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Army Suicides Surpass Last Year's Total

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By Aimee Burnett

Twin Falls, Idaho (KMVT-TV) The Army suicide rate is escalating.

By October of this year the number of suicides by active–duty soldiers surpassed last year's totals.

"In the Army in 2011 there were about 165 confirmed suicides and in the National Guard and reserves about 120," said Col. Tim Marsano, Public Affairs Officer.

The total number of suicides just ten months in, reached 166 after 20 possible suicides were recorded in October.

Military leaders increased efforts to provide programs and outreach earlier this year when they realized the pace was increasing.

"We in the military do think that suicide is a preventable issue and we're doing everything we can at the command level to ensure that our soldiers understand that there is help available," said Col. Marsano.

The Pentagon continues to work to identify factors that trigger suicides.

It has long been linked to the deployment rate.

"It's very, very challenging for soldiers and airmen to be away from their homes and be away from their families for up to a year," said Col. Marsano.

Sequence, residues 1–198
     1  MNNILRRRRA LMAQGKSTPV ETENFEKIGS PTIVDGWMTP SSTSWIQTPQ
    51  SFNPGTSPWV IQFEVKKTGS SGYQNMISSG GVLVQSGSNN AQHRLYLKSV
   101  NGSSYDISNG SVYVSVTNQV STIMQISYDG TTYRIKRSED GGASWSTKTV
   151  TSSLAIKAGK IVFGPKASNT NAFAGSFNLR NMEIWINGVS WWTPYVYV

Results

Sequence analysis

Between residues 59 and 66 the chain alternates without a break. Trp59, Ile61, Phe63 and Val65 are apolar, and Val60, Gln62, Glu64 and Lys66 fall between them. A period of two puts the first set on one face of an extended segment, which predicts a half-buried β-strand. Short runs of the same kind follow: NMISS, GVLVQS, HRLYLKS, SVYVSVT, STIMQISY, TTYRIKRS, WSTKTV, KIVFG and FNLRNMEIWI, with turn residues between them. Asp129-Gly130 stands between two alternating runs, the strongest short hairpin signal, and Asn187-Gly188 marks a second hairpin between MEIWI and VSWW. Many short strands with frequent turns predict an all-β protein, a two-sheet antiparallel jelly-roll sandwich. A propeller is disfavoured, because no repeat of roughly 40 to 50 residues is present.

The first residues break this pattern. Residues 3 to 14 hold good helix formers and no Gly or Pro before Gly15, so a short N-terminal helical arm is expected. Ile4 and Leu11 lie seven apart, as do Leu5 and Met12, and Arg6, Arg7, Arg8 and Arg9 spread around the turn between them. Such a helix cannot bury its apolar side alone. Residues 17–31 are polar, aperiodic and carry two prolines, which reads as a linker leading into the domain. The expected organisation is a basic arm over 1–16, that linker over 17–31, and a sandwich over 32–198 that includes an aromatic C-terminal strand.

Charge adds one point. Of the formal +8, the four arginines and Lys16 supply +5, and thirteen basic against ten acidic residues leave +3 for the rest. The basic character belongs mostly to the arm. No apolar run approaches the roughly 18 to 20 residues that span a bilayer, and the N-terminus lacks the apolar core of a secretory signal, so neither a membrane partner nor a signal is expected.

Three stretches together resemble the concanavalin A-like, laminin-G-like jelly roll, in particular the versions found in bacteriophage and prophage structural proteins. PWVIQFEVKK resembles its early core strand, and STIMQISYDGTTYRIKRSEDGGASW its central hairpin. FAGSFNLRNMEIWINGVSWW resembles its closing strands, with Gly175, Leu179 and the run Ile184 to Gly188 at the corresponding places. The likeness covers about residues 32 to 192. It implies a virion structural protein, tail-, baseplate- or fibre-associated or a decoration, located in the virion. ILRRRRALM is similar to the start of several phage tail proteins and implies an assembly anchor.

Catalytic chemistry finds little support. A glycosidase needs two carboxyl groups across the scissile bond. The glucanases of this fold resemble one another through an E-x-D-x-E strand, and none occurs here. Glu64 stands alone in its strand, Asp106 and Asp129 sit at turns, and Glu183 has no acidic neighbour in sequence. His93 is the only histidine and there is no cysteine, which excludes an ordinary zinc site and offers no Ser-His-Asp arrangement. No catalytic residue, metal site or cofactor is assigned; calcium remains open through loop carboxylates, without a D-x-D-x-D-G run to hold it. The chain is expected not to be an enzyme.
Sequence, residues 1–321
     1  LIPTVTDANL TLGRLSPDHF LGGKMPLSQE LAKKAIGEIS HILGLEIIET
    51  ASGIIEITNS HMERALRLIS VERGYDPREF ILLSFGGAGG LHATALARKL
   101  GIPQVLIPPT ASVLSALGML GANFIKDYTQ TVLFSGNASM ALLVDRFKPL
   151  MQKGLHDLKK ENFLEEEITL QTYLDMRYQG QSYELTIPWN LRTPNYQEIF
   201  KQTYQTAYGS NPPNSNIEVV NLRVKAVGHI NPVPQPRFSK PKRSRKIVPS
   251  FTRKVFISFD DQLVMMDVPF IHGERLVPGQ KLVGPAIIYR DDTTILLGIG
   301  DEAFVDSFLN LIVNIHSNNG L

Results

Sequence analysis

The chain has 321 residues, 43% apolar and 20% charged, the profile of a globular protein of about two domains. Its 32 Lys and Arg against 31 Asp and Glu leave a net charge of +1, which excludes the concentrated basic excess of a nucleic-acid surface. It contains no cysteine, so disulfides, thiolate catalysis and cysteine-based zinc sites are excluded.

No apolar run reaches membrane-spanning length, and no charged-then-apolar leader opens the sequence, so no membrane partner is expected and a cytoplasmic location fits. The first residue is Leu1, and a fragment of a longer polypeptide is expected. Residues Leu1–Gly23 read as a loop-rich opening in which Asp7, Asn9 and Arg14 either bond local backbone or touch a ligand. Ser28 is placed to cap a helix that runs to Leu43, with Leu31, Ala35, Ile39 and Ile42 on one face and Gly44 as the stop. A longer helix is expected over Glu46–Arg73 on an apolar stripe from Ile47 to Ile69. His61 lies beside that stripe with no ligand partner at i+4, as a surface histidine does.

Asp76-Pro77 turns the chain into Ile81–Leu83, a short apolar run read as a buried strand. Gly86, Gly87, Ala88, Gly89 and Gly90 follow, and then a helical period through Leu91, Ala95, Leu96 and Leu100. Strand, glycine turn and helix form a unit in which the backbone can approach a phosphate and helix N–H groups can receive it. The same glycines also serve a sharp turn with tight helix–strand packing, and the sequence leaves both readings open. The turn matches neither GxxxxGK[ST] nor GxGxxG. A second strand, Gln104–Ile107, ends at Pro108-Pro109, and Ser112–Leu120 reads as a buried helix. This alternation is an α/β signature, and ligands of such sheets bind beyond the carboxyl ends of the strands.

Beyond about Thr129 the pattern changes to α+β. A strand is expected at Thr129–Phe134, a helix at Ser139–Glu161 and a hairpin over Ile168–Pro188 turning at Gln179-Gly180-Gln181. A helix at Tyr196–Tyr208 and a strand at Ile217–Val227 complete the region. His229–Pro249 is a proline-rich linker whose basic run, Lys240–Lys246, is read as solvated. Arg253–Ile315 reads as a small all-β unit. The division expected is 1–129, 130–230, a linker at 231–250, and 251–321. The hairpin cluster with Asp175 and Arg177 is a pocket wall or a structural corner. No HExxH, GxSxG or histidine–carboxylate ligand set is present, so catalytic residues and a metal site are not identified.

The ACE program is just one of the resources impressed upon all soldiers and airmen.

"Ask if somebody feels despondent and seems like they may have suicidal tendancies, to care for them and to take away things that they may have to hurt themselves with. And, then escort them to the various types of help that are available," said Col. Marsano.

As the deployment cycle continues to wind down the Army is hopeful that the suicide rate will as well.

Veterans in need of help can call the Veteran's Crisis Hotline at
1–800–273-TALK.

You can also contact the Boise VA Hospital.

Someone is available to talk with you at all times.


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